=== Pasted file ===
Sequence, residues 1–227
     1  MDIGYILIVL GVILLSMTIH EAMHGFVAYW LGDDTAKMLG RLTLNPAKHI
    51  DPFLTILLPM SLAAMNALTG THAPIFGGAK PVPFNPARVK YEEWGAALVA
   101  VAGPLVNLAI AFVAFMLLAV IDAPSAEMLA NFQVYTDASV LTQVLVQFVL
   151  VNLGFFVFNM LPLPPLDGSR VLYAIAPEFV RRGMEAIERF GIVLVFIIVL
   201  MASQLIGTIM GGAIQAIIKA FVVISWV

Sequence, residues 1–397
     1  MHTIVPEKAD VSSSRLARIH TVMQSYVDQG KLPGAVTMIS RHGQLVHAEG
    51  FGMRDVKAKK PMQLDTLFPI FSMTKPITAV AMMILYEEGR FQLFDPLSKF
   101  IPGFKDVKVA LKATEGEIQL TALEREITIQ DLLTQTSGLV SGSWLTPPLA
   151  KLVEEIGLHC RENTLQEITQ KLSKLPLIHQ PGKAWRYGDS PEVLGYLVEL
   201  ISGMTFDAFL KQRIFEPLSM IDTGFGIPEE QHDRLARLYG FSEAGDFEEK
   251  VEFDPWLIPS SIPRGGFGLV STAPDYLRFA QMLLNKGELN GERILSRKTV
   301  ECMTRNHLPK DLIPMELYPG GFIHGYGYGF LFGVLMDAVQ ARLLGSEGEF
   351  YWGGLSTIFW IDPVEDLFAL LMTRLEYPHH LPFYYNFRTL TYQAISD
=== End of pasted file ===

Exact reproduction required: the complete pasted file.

Sequence, residues 1–227
     1  MDIGYILIVL GVILLSMTIH EAMHGFVAYW LGDDTAKMLG RLTLNPAKHI
    51  DPFLTILLPM SLAAMNALTG THAPIFGGAK PVPFNPARVK YEEWGAALVA
   101  VAGPLVNLAI AFVAFMLLAV IDAPSAEMLA NFQVYTDASV LTQVLVQFVL
   151  VNLGFFVFNM LPLPPLDGSR VLYAIAPEFV RRGMEAIERF GIVLVFIIVL
   201  MASQLIGTIM GGAIQAIIKA FVVISWV

Sequence, residues 1–397
     1  MHTIVPEKAD VSSSRLARIH TVMQSYVDQG KLPGAVTMIS RHGQLVHAEG
    51  FGMRDVKAKK PMQLDTLFPI FSMTKPITAV AMMILYEEGR FQLFDPLSKF
   101  IPGFKDVKVA LKATEGEIQL TALEREITIQ DLLTQTSGLV SGSWLTPPLA
   151  KLVEEIGLHC RENTLQEITQ KLSKLPLIHQ PGKAWRYGDS PEVLGYLVEL
   201  ISGMTFDAFL KQRIFEPLSM IDTGFGIPEE QHDRLARLYG FSEAGDFEEK
   251  VEFDPWLIPS SIPRGGFGLV STAPDYLRFA QMLLNKGELN GERILSRKTV
   301  ECMTRNHLPK DLIPMELYPG GFIHGYGYGF LFGVLMDAVQ ARLLGSEGEF
   351  YWGGLSTIFW IDPVEDLFAL LMTRLEYPHH LPFYYNFRTL TYQAISD